By JENNIFER AGIESTA and EMILY SWANSON

WASHINGTON (AP) — Christmastime is here and a new poll reveals the cards and gifts that are part of celebrating the holiday are ubiquitous, even among those who don’t share the Christian beliefs behind the story of the Magi who gave the first Christmas gifts.

According to the Associated Press-GfK poll, 77 percent of Americans plan to exchange gifts this holiday season and 48 percent will send greeting cards. The gift-giving set includes about 8 in 10 Christians and 73 percent of those who say they have no religious beliefs.

Greeting cards also cross denominational lines, with 53 percent of Protestants, 55 percent of Catholics and 40 percent of those without religious beliefs saying they will send cards this year.

Here’s a look at how Americans view this season’s greetings:

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THE PHOTO CARD GENERATION

Americans who aren’t religious are less likely to send cards because they tend to be younger, and young people are less apt to send cards, regardless of their religious beliefs. Fifty-two percent of non-religious Americans over age 50 plan to send cards, not far off the 57 percent of Protestants and 64 percent of Catholics in that age group who will send them.

Young people are the least likely of all demographic groups to say they’ll send cards this year. Just 29 percent of Americans under age 30 plan to, compared with 64 percent of seniors. The young are also the least likely to receive cards. Two-thirds under age 30 receive five Christmas cards or less per year. Among seniors, just 18 percent receive five or fewer cards in a typical year.

Those under-30s, raised in the age of email, are most likely to reject the concept of cards altogether. Asked what type of card they prefer to receive, 21 percent say none, thanks. Just 8 percent of seniors share that view.

Younger adults who do like holiday cards are more likely to say they want a photo card, while the older set tends to prefer handwritten notes or Christmas letters. A third of those under age 50 say photo cards are their favorites, compared with 18 percent of those age 50 or older. Among those 50 or older, 54 percent prefer a pre-printed or boxed card with a note or a personal signature, compared with 36 percent of younger adults. Another 12 percent age 50 or older say they’d really like a Christmas letter. And regardless of age, no one embraces the holiday e-card: Just 2 percent say they want one of those.

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MARRIAGE, GENDER GAPS ON CARDS AND GIFTS

Women are more likely than men to say they will send seasonal greetings to friends or loved ones this year, with married women most likely of all to send a card full of holiday cheer. About two-thirds of married women said they will send out cards, compared with 52 percent of married men, 42 percent of unmarried women and just 31 percent of unmarried men.

On the gift front, married people are more apt to give presents than those who aren’t married (82 percent plan to exchange gifts this year compared with 66 percent of those who have never been married), though the gap between men and women among married people is significantly smaller than the card gap (84 percent of married women plan to give gifts compared to 80 percent of married men).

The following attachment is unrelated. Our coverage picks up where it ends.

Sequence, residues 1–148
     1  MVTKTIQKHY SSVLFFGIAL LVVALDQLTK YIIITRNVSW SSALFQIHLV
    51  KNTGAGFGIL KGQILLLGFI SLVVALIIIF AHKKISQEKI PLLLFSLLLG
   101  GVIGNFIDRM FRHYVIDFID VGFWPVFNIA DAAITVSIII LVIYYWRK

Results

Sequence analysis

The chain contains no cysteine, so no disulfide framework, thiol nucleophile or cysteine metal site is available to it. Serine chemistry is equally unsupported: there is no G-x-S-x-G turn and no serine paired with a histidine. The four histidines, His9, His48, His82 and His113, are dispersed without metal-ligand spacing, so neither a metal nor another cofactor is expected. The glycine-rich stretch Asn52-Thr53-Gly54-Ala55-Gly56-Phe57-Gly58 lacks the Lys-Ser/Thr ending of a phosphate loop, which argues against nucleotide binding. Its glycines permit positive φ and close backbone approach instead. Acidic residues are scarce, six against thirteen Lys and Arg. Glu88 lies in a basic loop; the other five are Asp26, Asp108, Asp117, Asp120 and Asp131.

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HANDMADE VS. STORE BOUGHT

D-I-Y is not on Americans’ wish list. Asked whether they prefer to receive a store-bought gift or a handmade one, Americans err on the side of the stores. By a 62 percent to 35 percent margin, people prefer their gifts to come from the store. Women (41 percent), rural residents (43 percent) and whites (38 percent) are most apt to favor handmade presents.

When giving, however, the preference for store-bought wares is even stronger. Overall, 85 percent of Americans who will exchange gifts this year say they would rather buy a gift than make one. Women (17 percent) are still more likely than men to prefer handmade gifts.

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HOW MANY STAMPS?

When it comes to cards, Americans receive more than they give. Although 50 percent of Americans say they won’t send any cards this year, just 11 percent say they don’t typically receive any cards. Forty percent say they usually get more than 10 cards around the holidays.

Among the 48 percent who say they will send a card this year, 50 percent say they will send fewer than 20 cards. Those who plan to send more drive up the average to about 30 cards per sender, including 11 percent who say they plan to send more than 50 cards this year, presumably including one for the postman.

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The AP-GfK Poll of 1,010 adults was conducted online Dec. 4-8, using a sample drawn from GfK’s probability-based KnowledgePanel, which is designed to be representative of the U.S. population. The margin of sampling error for all respondents is plus or minus 3.4 percentage points.

Respondents were first selected randomly using phone or mail survey methods, and later interviewed online. People selected for KnowledgePanel who didn’t otherwise have access to the Internet were provided access at no cost to them.

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Online:

AP-GfK Poll: —http://www.ap-gfkpoll.com